I don't necessarily like this particular lesson.  I haven't been liking it since it started.  That said, I know I need it.  I know I need to be able to disengage when those around me feel slighted by me.  I know it is their own insecurity and need to be important that causes this projection.  I know I have to find my compassion for them.  They are like teenagers, spiritually (and emotionally).  They look into a mirror and don't like what they see, so they blame the mirror.  They whine and stomp their foot.  They criticize the mirror and scream that it's wrong.  All I can do is wait and hope that one day they will stop screaming at the mirror.  All I can do is fill my space with love.  All I can do is hope that, one day, instead of laying blame, they will want to actually talk and listen to the other perspective instead of making assumptions.  We all know what making assumptions does...

Brightest blessings, Friends!!

Saturday, September 13, 2014

To Speak to Hekate: A Meditative Journey

This afternoon, while doing dishes, I spoke to my Goddess.  She told me a great many things.  I asked her a great many questions.  As of late, my heart has been heavy.  I have been going through a time of Dark Moon, fighting with myself and trying to find a new center.  I have been coming to grips with some changes I have made and some more that I know I need to make.  I actually had another blog ready to post today, but She said that this would be more important than the other.

So, with my hands immersed into the water (because water is an excellent conductor of energy!) we had this conversation:

Me: Mother, did I do the right thing?
She: Yes.  You recognize your lessons in this.  You acknowledge them.  You know what they are, even if you still struggle with them.
Me: Okay, I get that, but did I fuck up?  Is there anything that I could have done differently?
She: My dear, sweet, hard-headed child!  You could have done everything differently and still had the same outcome.  You could have done everything the same and the outcome could have been different.  You can not control every outcome.  You are but a vessel.  Does the vase determine when cut flowers die?
Me: Well, no, but...
She: What does Garry say? "Everything after 'but' is bullshit."  You, as the vessel, present the lesson.  You, as the vessel, must recognize what your lesson in this is. You, as the vessel, do not determine if the lesson is accepted or rejected.
Me: *at this point, I am bewildered at the seeming simplicity of it all.  I already know these things.  I already know I struggle with these things.  Hekate is, apparently, feeling a little magnanimous today so She isn't raking me over the coals.*
She: Dear child, you already know that you are a vessel of the Gods.  We have chosen you as such because of your faith.  We have chosen you as such because of your strength.  Remember, we chose you.  Do you believe that The Ferryman agonizes over those spirits who refuse to pay him?
Me: Well, no.  Those spirits simply don't get to cross over.  They wander the place between the worlds until they decide to pay him.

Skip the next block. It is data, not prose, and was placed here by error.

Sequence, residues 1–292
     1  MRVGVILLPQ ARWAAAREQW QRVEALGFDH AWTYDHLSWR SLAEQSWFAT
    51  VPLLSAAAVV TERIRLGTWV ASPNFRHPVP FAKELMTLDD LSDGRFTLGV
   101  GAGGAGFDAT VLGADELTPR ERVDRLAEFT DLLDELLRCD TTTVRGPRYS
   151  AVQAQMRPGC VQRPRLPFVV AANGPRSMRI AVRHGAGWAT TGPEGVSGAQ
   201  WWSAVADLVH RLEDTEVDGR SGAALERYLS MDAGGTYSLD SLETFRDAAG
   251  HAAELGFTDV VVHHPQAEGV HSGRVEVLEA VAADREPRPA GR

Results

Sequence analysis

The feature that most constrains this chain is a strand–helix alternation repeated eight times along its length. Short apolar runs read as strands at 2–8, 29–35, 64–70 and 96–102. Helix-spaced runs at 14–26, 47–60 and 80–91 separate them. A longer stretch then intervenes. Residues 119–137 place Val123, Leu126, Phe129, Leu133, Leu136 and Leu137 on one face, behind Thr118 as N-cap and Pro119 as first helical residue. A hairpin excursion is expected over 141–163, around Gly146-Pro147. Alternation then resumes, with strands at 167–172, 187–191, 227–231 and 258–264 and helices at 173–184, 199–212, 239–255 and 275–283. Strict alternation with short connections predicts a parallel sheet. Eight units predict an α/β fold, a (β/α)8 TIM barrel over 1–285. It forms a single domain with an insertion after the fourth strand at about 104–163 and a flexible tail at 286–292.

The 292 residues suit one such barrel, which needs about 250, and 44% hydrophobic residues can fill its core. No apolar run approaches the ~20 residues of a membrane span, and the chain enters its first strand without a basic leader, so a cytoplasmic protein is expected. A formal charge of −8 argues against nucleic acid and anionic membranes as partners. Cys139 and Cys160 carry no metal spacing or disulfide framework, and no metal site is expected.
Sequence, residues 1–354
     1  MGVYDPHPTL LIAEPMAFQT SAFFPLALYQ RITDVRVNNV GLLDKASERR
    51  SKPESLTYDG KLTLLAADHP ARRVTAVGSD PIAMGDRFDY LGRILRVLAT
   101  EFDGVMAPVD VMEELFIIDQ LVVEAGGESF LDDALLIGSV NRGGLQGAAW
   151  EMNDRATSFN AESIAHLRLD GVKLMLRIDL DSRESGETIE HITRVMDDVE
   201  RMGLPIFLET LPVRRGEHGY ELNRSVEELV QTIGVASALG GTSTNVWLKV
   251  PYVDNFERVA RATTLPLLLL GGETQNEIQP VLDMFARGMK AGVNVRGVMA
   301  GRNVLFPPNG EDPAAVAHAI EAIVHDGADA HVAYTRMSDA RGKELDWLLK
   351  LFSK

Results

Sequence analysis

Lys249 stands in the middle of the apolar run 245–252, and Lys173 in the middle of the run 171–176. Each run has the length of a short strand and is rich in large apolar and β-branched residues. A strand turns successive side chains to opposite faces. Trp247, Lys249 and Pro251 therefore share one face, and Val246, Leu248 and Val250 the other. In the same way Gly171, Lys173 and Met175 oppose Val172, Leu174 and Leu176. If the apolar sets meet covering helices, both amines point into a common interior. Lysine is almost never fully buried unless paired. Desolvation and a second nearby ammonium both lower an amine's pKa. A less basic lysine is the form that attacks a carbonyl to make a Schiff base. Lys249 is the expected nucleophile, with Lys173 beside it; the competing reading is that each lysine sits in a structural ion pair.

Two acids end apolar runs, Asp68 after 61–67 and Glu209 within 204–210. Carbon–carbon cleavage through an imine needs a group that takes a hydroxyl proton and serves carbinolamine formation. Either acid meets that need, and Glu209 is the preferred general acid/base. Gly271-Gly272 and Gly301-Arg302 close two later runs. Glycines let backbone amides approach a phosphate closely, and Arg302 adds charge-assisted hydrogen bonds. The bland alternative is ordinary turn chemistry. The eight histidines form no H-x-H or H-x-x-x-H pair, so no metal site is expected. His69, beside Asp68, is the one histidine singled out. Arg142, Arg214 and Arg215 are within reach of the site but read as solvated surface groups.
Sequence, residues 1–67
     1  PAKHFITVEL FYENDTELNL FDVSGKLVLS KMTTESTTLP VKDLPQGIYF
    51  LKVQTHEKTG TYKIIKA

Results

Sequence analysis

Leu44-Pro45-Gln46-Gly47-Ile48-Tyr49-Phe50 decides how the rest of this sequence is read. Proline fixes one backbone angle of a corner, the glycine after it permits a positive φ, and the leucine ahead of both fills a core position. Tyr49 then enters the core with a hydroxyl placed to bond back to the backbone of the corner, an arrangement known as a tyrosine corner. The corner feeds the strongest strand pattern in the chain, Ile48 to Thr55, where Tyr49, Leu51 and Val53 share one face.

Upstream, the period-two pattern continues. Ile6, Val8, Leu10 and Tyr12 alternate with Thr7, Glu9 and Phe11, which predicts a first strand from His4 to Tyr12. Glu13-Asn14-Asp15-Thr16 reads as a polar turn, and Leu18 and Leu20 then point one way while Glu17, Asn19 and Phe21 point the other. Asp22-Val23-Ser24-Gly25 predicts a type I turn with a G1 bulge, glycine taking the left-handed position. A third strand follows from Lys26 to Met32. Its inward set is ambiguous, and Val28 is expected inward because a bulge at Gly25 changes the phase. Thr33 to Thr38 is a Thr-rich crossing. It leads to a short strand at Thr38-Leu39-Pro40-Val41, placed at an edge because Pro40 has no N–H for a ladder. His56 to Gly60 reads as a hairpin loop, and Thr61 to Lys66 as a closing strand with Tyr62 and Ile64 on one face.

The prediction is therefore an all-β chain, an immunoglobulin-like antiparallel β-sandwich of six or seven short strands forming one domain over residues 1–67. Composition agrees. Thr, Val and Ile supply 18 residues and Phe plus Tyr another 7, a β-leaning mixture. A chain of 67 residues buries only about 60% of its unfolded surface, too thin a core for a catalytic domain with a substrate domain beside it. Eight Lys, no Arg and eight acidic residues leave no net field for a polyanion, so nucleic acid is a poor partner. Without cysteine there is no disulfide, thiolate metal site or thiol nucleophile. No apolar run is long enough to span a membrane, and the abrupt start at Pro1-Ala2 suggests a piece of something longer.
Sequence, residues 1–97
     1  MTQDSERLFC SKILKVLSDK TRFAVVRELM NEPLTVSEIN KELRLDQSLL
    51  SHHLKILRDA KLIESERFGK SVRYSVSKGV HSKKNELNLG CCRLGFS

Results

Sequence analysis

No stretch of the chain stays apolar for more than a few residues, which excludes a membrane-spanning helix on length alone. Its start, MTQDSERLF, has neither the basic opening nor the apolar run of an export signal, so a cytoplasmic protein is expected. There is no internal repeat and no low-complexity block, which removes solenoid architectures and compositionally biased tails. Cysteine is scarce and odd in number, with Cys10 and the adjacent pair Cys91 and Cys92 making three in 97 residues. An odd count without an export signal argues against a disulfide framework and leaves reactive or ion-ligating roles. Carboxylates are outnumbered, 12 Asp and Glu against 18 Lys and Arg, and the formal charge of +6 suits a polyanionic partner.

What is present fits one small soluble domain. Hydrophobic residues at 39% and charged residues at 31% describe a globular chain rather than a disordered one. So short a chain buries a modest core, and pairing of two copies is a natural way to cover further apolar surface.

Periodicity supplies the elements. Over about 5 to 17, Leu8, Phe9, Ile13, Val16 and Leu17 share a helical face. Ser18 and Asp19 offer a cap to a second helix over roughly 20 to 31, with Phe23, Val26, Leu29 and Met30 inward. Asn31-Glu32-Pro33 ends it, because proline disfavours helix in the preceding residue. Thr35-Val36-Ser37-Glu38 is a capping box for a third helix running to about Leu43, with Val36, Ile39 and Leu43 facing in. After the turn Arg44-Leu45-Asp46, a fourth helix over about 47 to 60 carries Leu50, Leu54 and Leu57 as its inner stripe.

She: Exactly! So why, then, would you worry about those who beg for my presence in their life, yet reject the lessons I present?  Why would you worry for those who choose to walk the road of the Dark Goddess alone because they reject their guide?
Me: Well, I suppose it is because I have had to walk it alone and I know many of the difficulties.
She: No, child, you don't know the difficulties.  You have accepted the love of the Dark Goddess without question.  You have looked into my many faces and you have loved me back.  What you have experienced is the difficulty of accepting my presence in your life, not rejecting me.
Me: *blinks* Huh?
She: You are my voice.  You have been my voice many times over.  You have an essay being read the world over about one of my faces.  You do not question me.  You do not question the 'silly' ideas you get.  You do not fear the reaction people may have to the 'silly' ideas.  No matter the consequence, you accept whatever task is put in front of you.  
Me:  Are there truly those who doubt?  To what end?
She: The end does not matter.  What you need to see is that beating yourself up and second guessing yourself is where your ego functions.  You can not control anything.  You can not shepherd those who would try and put out your light.  You can only point this out to them, if they have an open heart.  If they reject what you show them, it is their cross to bear, not yours to silently martyr yourself upon.  That is your ego.  That is your cross.

So, Friends, while this conversation was obviously for myself, it must also be that it is for someone else out there in Internet Land.  I would like to add, this is my own unverifiable personal gnosis, so please, feel free to take it or leave it as you see fit.  It isn't up for debate or question.  It simply is (or isn't).

Brightest blessings, Friends!

Saturday, August 23, 2014

Don't Be An Asshole: On Being Inconsiderate

Within the pagan community, there is this general acceptance that pagans are inconsiderate, whether it means always running late to events, saying one will do something and then not doing it, and even the expectation that titles or degrees afford one special privileges.  Why is that?  Why do we, as supposedly spiritually evolved beings (or maybe spiritually evolving), fall into these habits?  Why do we accept these habits in others?  Is it a cultural thing?  Is it laziness?  Is it, maybe, ego?